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*I was thinking of something like this: http://www.rjmcompany.com/plastic-pipe-locator-Knocker.pdf
or this: http://www.pollardwater.com/pages_product/P83320locator.asp
Or he could call a company like this: http://www.simplyleakdetection.biz/your-plastic-water-pipe-locating-specialists.html
This company offers a non-metallic pipe locator: http://www.detectionsolutions.com.au/pages/products/pipecable-locators.php
For those who want bragging rights there is radar: http://www.rjmcompany.com/Plastic-Pipe-Locator.htm
Irrigation pipes usually don't have electrical conduit elbows that have a nice sweep for pulling wires and pushing fish tapes. The hard 90's used for water are almost impossible to get a fish tape through. Maybe the soft metal spring type of fish tape may pass through, but those types of fish tapes are difficult to push any distance.
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dig hole at either end of desired route and use a drill with lots of extentions to drill a path for the new whatever ,..... its amazingly easy and fast
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John Grabowski wrote:

http://www.simplyleakdetection.biz/your-plastic-water-pipe-locating-specialists.html
Interesting. The irrigation pipes I see most are continuous flexible poly pipe installed with a vibratory plow and thus have very few obstructions.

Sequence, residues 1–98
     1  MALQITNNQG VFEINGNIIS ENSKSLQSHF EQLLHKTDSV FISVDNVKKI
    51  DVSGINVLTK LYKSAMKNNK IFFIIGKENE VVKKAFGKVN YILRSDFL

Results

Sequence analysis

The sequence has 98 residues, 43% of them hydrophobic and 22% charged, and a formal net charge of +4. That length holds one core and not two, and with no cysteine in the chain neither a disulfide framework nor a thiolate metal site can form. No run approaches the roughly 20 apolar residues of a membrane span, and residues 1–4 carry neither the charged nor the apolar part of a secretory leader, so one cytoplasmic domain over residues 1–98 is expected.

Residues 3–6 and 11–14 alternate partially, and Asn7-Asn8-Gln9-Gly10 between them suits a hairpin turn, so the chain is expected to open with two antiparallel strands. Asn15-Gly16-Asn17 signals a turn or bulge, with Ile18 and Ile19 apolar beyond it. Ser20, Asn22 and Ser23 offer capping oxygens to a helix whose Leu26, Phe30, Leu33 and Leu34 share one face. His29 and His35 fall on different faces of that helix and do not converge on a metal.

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Fix them later, unless your time isn't worth much. Don't bother calling someone to attempt locate them, you'll pay more than it's worth. Universal unions can be had for about 4 bucks a piece.
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That's what I ended up doing. It was cheaper to fix the irrigation system than to delay the propane company. They chewed through two lines (running together) and hit a head. They offered to have it fixed. It only cost me something like $20 and an hour to fix the whole thing so I didn't bother sending them the bill.

Spare the rod...
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In article

Thanks to all for feedback and suggestions. I'll call before I dig, but other than using some logic about where the sprinkler pipes might be, I'll just assume that I'll end up breaking a couple of them. Didn't know that non-metallic pipes could be located, so that's good info for another project, but probably not worth the trouble for this one.
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If you are that worried about damaging them and having to repair them, you could dig them up by starting near a sprinkler head close to where you want to trench and see which direction the irrigation lines are running in...
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On 9/26/2012 11:26 AM, Smitty Two wrote:

that's funny! I worked for a lawn and landscape company and that (divining) is how we always located them.. Too bad you're too stubborn to try it.
--
Steve Barker
remove the "not" from my address to email
  Click to see the full signature.
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wrote:

For 20 dollars you can get a device that adds Plutoinium 238 to your irrigatiion water. Then mount a geiger counter on the ditch witch and you're good to go.
Wait, I googled and the Plutonium costs $500. Forget it .